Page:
It was the winter of 80′ and my strategy was unfolding as planned. I had conquered all of Africa and was well on my way to doing the same with Europe. Just one or two more victories, I would have the continent, and the war would be decidedly in my favor. Suddenly, I was attacked on both flanks. The Ionians on the West and the Frankites on the East. Even though this was a three way war, both opposing armies were targeting me. Relentlessly, turn after turn, the two of them attacked. Ignoring each other, they focused their hatred and aggression only on me. I was on the brink of defeat. It was then that I did the unthinkable. With my fate determined by the two bullies, I did what any maniacal despot would do. I annihilated the world!
Beginning in Australia, my arm swept quickly through Asia, Europe, Africa, and finally North and South America. When I was done, all of the world’s armies lay spread out on our living room floor!
You’ve probably figured out by now that this story was about losing a game of Risk and my subsequent temper tantrum. Sadly, this really happened. Even now, 40 years later, I’m embarrassed when I think about it.
I’m not particularly competitive now, but when I was younger, I was a terrible sport. I cried when I lost Go Fish. Whined when I had to pay rent in Monopoly, and screamed at the TV when the Cowboys lost.
I was a sore loser.
Have you ever noticed that your kids often take on your most irritating and challenging childhood characteristics? God has such a great sense of humor, doesn’t He? Take for example, my youngest son. the one I call “The Athlete”. He is super competitive and loves to talk smack, but he flips his lid when things don’t go his way during a game. He’s overly emotional, and perhaps just a bit immature. In other words, he’s the spitting image of me when I was his age.
A couple of weeks ago, most of the family sat down to a rousing games of Uno. “The Athlete” had the grave misfortune of being seated between two siblings, who both had several Draw Four cards in their hands. Being siblings, they took great pleasure in hitting him with Draw Four card after Draw Four card, until “The Athlete” flipped his lid, threw his rapidly growing hand onto the table, and ran out of the room screaming.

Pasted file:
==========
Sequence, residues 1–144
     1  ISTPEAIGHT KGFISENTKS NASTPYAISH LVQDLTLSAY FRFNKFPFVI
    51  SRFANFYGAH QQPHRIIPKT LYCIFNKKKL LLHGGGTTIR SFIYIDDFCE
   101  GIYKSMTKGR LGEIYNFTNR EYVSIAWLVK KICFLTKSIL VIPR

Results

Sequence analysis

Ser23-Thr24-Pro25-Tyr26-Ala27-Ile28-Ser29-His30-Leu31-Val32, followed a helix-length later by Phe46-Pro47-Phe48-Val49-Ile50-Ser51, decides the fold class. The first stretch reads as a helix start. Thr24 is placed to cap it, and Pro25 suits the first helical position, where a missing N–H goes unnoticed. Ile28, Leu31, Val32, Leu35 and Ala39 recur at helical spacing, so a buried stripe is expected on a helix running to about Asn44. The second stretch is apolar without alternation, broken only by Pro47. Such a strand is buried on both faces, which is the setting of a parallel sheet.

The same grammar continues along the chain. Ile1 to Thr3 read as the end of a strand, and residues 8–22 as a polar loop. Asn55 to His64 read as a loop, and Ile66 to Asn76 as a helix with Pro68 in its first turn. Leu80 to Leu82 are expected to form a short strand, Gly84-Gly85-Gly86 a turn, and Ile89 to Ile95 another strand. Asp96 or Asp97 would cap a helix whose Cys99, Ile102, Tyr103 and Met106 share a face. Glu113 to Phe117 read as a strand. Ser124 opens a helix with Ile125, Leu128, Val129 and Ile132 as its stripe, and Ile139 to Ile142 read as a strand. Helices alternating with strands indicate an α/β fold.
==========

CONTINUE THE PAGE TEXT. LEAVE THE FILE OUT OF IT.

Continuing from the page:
When he finally returned to the game, I might have teased him a bit, and might have even subtly mocked him. Apparently my passive aggression wasn’t subtle enough. After a couple of warning side glances, More Love Mama went full frontal on me. She gave me…… the look. And then, speaking through gritted teeth, she strongly suggested that I cease and desist.
I was in trouble.
Coulda, Woulda, Shoulda
If I’d been a more mature parent, I would have overlooked his tantrum during the game, and talked to him about his behavior afterwards. It probably would have been a good idea to tell him that I was just like him when I was his age, but eventually grew out of it. He probably would have found comfort in that.
Clearly it was hypocritical of me to give my son a hard time for acting the same way I did when I was his age. But I think I might know why I did it.
I was ashamed of my childish and overly emotional behavior as I kid. It’s most definitely something I didn’t like about myself. I’m sure now, that I projected my self disgust on to him and then punished it. The way I suppose I felt I needed to be punished some 40 years ago.
Clearly, it’s never a good idea to pile on someone when he or she is feeling bad, especially when you are supposed to be the grown up. I should have known better.
We All Have Baggage
The more I think about it, I’m convinced that we all have emotional and behavioral baggage that we carry with us into parenthood. This baggage ends up lying around everywhere, waiting for us to trip over it.
Recently while playing Uno, I tripped over one of my bags.
Which got me to thinking. Where is the next bag, and when is it going to trip me up next?
A Really Exciting Thing!
OK, maybe not super exciting for you, but for me this is a big deal! After 18 months of blogging, I finally have ads! Yay! I am partnering with some companies that my kids and I use, that we believe in, and we are excited to share with other homeschoolers or parents looking for a way to give their kids a little boost. If you click on any of the affiliate ads, a small portion of your purchase will come come back to Daddy Go To Timeout and will help support this blog and my family! Thanks to all of you who decide to make purchases through my blog links!
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